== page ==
The Guardian this week published an article about whether interactive book apps were positive or negative things for young children.
It’s an interesting read, essentially asking the question: what is important about the reading experience?
[Ferelith] Hordon says… “They are great fun and they have their place. But on the whole, they distract from the reading experience. For very small children there is something very special – and something that needs to be treasured – in listening to the parent’s voice reading.
“If you start putting pop-ups and twiddles and voices into the picture book experience, where is the difference between that and a film or a game? In this world in which there is so much noise and movement is there no value in promoting stillness and thought?”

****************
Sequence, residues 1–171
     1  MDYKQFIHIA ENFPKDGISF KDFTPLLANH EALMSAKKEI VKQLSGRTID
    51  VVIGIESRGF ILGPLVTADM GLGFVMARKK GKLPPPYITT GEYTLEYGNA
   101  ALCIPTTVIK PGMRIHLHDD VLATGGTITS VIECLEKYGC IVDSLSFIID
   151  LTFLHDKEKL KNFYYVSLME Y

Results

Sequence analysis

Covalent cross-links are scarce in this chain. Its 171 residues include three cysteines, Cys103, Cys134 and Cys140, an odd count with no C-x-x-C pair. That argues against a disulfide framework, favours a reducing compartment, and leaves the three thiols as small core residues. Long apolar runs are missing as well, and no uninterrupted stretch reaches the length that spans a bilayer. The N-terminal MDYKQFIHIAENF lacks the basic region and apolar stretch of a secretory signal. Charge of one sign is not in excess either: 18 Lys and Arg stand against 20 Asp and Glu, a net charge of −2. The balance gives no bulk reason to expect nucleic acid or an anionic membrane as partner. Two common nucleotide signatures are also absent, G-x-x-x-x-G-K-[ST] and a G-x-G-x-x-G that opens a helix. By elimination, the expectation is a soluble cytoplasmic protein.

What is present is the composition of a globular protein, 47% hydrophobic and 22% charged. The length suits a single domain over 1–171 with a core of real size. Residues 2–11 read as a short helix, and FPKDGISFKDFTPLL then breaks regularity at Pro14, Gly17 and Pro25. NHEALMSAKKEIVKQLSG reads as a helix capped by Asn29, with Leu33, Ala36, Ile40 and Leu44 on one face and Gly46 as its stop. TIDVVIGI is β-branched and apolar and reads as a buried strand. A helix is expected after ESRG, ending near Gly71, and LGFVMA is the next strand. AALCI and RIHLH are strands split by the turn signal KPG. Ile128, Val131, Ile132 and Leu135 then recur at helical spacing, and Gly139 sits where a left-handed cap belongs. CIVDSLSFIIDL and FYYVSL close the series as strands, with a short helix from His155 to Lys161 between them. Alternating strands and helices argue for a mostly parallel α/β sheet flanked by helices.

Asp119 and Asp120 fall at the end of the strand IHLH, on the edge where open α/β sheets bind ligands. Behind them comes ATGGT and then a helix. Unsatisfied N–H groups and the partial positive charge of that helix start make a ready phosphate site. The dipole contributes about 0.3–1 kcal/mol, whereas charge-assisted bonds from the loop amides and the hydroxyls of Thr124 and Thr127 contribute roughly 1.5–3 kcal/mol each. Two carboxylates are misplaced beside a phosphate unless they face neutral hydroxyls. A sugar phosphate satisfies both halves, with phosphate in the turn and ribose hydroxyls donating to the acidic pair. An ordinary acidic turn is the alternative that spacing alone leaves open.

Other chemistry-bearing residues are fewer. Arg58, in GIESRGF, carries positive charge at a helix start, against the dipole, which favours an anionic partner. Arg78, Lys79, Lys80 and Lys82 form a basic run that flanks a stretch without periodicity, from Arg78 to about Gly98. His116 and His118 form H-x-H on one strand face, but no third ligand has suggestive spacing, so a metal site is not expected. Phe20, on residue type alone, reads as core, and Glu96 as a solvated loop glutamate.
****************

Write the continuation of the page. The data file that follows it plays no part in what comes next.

It’s definitely a controversial thing to challenge what people see as the next advance in this type of technnology, and it opens up a whole discussion about what reading is.
Is it reading because the words are on screen? Is it reading because its about a story? Does it matter which format the words are in, or is reading fundamentally about scriptism – that our society has decided that the written word is the most perfect form of language, the most ideal – perhaps the most idealised?